Concept | Classify text recipe#

The Classify text recipe enables you to categorize some input data into predefined classes or categories. It leverages large language models (LLMs), which means that manual data labeling, as required in standard supervised learning models, is not necessary.

The recipe works with many languages.


To use the Classify text recipe, you’ll need:

  • A Dataiku instance (version 12.3 and above). Dataiku Cloud is compatible.

  • A connection to at least one supported generative AI model. Your administrator must configure them beforehand in the Administration panel > Connections > New connection > LLM Mesh.

    Supported model connections include models such as OpenAI, Hugging Face, Cohere, etc.

Text classification in Dataiku using generative AI.

Use case#

The Classify text recipe allows several classification use cases, whether the classes are:

  • predefined in the LLM to perform a specific task, or

  • specified by the users when configuring the Classify text recipe.

New classify text recipe window where you select the text classification use case.

The choice between task-specific and user-specified classes depends on the flexibility you need in defining categories for your classification project. Task-specific classes are common when the classification task aligns with well-defined categories preset by the models (e.g. sentiment or emotion analysis), while user-specified classes provide more flexibility for customized classification.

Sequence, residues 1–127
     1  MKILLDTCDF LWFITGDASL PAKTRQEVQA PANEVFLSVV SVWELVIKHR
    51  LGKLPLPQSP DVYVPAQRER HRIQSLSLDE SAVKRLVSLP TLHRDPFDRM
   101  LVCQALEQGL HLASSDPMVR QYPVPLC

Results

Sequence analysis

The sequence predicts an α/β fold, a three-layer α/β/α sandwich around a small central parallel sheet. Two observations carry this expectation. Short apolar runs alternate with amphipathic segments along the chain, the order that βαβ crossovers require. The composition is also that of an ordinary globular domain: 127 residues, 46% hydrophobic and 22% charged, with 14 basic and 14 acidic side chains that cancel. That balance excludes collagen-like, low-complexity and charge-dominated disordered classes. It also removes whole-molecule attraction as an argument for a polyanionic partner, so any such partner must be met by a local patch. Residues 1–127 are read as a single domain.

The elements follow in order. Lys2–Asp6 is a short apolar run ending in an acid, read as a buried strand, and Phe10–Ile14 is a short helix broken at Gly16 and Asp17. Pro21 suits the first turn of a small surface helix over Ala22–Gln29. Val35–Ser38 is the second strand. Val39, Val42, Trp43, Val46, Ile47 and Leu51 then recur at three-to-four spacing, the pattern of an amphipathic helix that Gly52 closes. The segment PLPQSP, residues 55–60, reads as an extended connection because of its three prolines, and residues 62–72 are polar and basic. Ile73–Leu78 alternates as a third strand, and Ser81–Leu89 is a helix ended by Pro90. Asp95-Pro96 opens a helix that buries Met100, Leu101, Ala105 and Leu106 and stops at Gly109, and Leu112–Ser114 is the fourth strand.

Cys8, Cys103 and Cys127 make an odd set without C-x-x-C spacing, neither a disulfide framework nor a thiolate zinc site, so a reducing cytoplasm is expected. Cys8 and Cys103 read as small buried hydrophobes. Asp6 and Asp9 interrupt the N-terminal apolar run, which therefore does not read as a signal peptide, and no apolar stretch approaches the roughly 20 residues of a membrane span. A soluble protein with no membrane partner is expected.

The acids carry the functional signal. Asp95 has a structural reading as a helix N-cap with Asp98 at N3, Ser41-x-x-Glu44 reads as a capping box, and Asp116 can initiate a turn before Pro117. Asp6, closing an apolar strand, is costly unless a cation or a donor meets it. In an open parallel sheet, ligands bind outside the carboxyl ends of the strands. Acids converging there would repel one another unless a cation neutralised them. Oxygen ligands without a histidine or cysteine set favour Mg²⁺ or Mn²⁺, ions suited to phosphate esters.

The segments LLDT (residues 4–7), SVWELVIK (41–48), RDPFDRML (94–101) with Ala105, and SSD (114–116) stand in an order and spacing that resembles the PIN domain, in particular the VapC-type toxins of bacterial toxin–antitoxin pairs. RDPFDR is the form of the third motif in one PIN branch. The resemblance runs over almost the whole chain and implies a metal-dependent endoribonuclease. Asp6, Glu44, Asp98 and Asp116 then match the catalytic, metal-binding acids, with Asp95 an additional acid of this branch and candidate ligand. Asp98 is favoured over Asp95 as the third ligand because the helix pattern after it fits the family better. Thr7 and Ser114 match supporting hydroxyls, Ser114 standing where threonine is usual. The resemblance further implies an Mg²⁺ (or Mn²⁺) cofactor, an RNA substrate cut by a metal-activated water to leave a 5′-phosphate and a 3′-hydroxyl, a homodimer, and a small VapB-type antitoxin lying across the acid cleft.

Classification with task-specific classes#

A classification using task-specific classes lets you use an LLM designed to categorize the input data with some classes that are predefined based on the nature of the task to perform. For example, if you use an LLM for sentiment analysis, task-specific classes could include “positive,” “negative”, and “neutral” sentiments.

The Classify text recipe with task-specific classes allows you to perform the following tasks:

  • Sentiment analysis to analyze the sentiments in the input data, whether the data is positive, negative or neutral.

  • Emotion analysis to analyze the different emotions in the input data.

Classification with user-specified classes#

User-specified classes are categories that you define based on your needs. It offers more flexibility as you set the classes directly in the recipe settings page.

In fact, in the recipe settings page, you:

  1. Select which LLM to use.

  2. Assign the correct text column as input.

  3. Enter the labels for the classes you want to use to classify your data.

  4. Optionally, provide some examples to provide the LLM with some context and help it categorize your input data.

    • A zero-shot classification is when you provide no example at all.

    • A single-shot classification is when you provide one example for each category.

    • A few-shot classification is when you provide a few examples for each categories.


    Keep in mind that the cost increases with the number of examples you provide.

Screenshot of classes defined by the user in the settings page of the Classify text recipe.

Output dataset#

After running the recipe, you can see the prediction for each row of your dataset:

  • In the llm_prediction column when using task-specific classes.

    Screenshot of an output dataset when using task-specific classes.
  • In the predicted_class column when using user-specified classes.

    Screenshot of an output dataset when using user-specified classes.

Depending on the options you set when configuring the recipe, you may get some additional explanation on the prediction that was given.

What’s next?#

Continue learning about classification by working through the Tutorial | Classify text with generative AI article.